Rashad Robinson of Color Of Change made a powerful call that cut through the current trend of seeing visibility as activism. He stressed, “We can’t ever mistake the presence or visibility of these moments for the power to actually change the rules.” In this movement and movements like it, it’s easy to conflate media attention with actual change, but Robinson pleaded viewers to leverage this current engagement to push for actual structural reform. This sentiment was echoed by other panelists, as everyone called for movement away from a system that was built on exploitation and fashioned to maintain the status quo of power.

Also on the table was the media’s coverage of the protests, which too often focuses on looting and destruction and can conflate genuine protestors with reckless actors, and helps misdirect anger. DuVernay expressed her disappointment in those who seemed to be more outraged about the destruction of buildings than the systematic murder of black people. In response to the question of property, Winfrey rolled a segment from a viral clip of Kimberly Jones, a protestor who made the compelling statement, “You’re lucky that what we’re looking for is equality and not revenge.”

Tuesday night came to a powerful close with journalist Nikole Hannah-Jones’ rallying cry for economic reparations. She cautioned against “thinking too small”- keeping the conversation centered around police reform- when the real, structural, underlying condition of racial inequality in America is economic disparity. Putting wealth in the hands of the people that this country has exploited is the fundamental demand that lies behind all calls for racial justice.

On Wednesday night’s installment, the mood of the virtual room was markedly more heated, as frustration and anger ran higher. Stacey Abrams spoke of the realities of voter suppression, and urged voters to understand the weight of their participation, and David Oyelowo made a stirring case for spiritual repentance, urging white Americans to atone for the original sins that are baked into this country.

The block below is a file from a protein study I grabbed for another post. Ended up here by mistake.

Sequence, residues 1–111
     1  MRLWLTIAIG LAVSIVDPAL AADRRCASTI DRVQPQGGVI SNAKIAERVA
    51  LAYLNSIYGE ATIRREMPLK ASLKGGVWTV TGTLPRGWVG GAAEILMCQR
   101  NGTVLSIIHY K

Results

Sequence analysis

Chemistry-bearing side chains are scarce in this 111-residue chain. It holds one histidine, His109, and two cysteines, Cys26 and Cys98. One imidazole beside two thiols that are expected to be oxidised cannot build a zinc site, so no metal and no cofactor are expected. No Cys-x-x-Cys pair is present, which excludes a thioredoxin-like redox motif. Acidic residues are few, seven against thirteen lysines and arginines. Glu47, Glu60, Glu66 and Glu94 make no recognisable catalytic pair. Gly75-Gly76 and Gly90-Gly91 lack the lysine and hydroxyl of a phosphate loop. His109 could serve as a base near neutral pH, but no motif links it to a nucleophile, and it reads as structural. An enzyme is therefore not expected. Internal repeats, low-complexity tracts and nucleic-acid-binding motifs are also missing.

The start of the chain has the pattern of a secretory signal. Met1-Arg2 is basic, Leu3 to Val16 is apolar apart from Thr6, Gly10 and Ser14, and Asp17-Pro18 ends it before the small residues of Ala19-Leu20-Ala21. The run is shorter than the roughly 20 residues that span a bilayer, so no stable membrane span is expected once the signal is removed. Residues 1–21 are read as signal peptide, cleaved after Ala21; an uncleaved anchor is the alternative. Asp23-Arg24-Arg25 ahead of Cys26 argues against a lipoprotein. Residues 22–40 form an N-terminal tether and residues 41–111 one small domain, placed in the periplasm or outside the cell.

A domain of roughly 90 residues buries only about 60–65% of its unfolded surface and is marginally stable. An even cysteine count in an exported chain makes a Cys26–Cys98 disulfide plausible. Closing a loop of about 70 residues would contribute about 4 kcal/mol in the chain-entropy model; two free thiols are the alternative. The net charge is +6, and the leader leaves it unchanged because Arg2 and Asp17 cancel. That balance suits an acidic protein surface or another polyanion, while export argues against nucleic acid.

Winfrey closed out the special by asking each panelist what their biggest ask was. The answers ranged, but almost all centered around three tenants: economic redistribution, police accountability, and political reform. Charles Blow posited the idea of a Civil Rights Bill for 2020 that would encompass all these types of change, while Rev. Barber pointed to the Poor People’s Campaign, a digital gathering later this month that will addresses the poverty epidemic.

Ultimately, the special succeeded in bringing voices to the fore of people who have dedicated their lives and careers to fighting against systemic racism. The event helped mark the significance of the movement we’re currently living through, underscoring just the magnitude of precipice on which we currently stand. Winfrey’s audience is not only large but diverse, so hopefully leveraging it in such a remarkable way will spark personal revolutions in the hearts and minds of those who might not have paid attention otherwise.